I am somewhat of an anomaly because I’m a gay dude with a lot of straight friends, both male and female. Sometimes I wonder if I were to leave Philly and had to start over in a different city would the majority of my new friends be straight or gay?
And though that thought has entered my mind a few times it isn’t something that would hinder me from relocating or meeting new people because for me it’s not that serious. I know that homophobia exists just like I know racism exists but I would hope that neither one of those entities would play a part in whether or not someone would want to be my friend. And if it does, fuck ’em.
But I digress, back to my opening statement.
I have a lot of straight friends and about a month ago, while watching football, one of them dropped the F bomb (and not this one). Immediately he looked over at me and apologized and, though I hate that word as it annoys the hell out of me, I brushed it off because in a room full of straight men the word faggot will get dropped at least once. It’s one of those things I guess, so to get my point across about how much I hate that word I likened it to if they were in a room full of white people and someone dropped the N bomb.
One of my friends spoke up and said ‘I have to disagree with you there. It’s not the same thing.’
‘It’s exactly the same thing’ I retorted
He went on ‘No it’s not because people choose to be gay’
At the time when he said it I wholeheartedly disagreed because I didn’t believe him. But since I’ve had some time to think about it I’ve got to say I agree with him.
Being gay is a choice.
Take, for instance, Andrew Chad Caldwell.
You may have forgotten all about him due to the recent unrest and protesting taking place in Ferguson, MO which has dominated the news for the past week. But prior to that there was a viral video of a young man testifying during a COGIC convention claiming he had been delivered from his homosexuality.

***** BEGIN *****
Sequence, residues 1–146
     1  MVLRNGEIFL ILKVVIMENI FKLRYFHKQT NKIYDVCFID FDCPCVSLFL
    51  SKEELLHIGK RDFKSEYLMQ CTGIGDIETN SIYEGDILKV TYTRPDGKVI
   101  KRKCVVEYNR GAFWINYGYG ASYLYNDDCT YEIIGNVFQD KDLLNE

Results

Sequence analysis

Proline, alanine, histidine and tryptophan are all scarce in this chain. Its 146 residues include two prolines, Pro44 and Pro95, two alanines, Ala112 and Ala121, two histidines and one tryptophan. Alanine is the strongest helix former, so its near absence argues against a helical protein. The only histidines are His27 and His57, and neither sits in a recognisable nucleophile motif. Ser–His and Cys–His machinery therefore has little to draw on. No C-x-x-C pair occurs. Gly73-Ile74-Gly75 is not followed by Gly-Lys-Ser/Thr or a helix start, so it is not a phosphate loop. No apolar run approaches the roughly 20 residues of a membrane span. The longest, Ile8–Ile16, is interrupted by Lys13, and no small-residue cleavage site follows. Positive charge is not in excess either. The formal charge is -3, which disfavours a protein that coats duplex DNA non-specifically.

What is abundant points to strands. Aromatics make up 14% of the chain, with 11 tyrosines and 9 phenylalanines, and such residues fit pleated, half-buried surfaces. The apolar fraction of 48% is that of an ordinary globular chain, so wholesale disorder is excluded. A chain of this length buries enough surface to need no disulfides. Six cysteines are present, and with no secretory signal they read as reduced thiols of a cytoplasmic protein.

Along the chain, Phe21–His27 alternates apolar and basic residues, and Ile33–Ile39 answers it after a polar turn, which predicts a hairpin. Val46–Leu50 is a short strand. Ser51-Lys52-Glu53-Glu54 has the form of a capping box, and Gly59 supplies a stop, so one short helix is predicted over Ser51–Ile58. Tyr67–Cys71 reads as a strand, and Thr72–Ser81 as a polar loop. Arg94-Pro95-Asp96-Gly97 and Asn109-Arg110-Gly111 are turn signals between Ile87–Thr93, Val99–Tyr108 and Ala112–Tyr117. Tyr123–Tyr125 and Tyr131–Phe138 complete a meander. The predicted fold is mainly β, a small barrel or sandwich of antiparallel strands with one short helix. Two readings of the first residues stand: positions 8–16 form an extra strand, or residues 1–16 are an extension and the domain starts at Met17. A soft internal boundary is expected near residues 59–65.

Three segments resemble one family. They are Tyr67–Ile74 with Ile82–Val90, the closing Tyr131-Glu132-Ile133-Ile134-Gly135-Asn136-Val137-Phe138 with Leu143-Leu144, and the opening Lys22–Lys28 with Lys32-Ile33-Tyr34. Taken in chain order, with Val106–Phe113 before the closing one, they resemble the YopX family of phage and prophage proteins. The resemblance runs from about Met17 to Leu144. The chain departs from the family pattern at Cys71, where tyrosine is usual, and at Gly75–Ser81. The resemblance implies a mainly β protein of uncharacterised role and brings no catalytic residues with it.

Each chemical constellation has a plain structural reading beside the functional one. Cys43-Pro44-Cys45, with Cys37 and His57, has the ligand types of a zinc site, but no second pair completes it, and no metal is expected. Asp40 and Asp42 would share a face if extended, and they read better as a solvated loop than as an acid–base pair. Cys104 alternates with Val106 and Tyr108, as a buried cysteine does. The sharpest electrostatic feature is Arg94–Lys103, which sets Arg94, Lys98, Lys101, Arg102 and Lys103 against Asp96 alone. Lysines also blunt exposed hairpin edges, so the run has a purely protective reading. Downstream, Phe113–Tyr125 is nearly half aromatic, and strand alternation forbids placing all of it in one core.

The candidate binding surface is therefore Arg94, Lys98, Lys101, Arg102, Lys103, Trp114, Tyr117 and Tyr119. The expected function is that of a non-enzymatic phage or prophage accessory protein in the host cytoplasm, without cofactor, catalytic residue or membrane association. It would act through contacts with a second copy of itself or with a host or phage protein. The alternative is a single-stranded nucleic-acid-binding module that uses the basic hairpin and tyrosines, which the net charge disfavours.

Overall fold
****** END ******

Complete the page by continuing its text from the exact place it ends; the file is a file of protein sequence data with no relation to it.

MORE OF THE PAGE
Naysayers were adamant to bash him for his revelation and claimed that he was lying. Personally I thought the boy seemed a bit on the “special” side and was being used by the organizers of the convention as a pawn to state that their church could rid anyone struggling with homosexuality of their demons. And the backlash that ensued afterwards brought to light the reality that Caldwell was actually using COGIC to gain publicity to sell books.
See, he’s an author and wanted to make financial gains by renouncing his homosexuality and potentially garnering new readers.
Now, do I truly believe that this man went to a convention, caught the holy ghost and is no longer a homosexual? Of course not because that’s not how any of this works.
But do I believe that he’s made the choice to misrepresent himself so that he can be accepted?
Oh HELL yes.
And that’s where the choice to be gay comes in because whether or not you choose to accept your homosexuality is your decision. Because you can also choose to not disclose it for your own personal reasons, which is cool because it’s really nobody’s business anyway. Or, like Caldwell, you can choose to lie to yourself and to others based on your need to acquiesce to the phobias of others by remaining fraudulent for their sake.
Because let’s face it, nobody wants to be judged for something they have no control over.
Now I have a completely different outlook on the whole Being Gay Is A Choice debate because I do 100% believe it is a choice.
It’s a choice to let people know you exist. It’s a choice to have pride in who you are as a person because your experiences and your worth mean something. It’s a choice to give an example of not being a stereotype or a victim like how most homosexuals are portrayed. It’s a choice to be visible, relevant and outspoken (pun intended)
Yes, I chose to be gay because the alternative would mirror a life like Andrew Chad Caldwell’s. A life where my need for acceptance outweighs my need for fulfillment and happiness.
Because what kind of man would I be if I allowed others to decide how I should live my life?
Fuck outta here with that shit.
I’ll always choose the truth and knowledge of who I am over the existence of being what someone else wants me to be.
But then again, that’s not a choice to be gay.
That’s a choice to live life.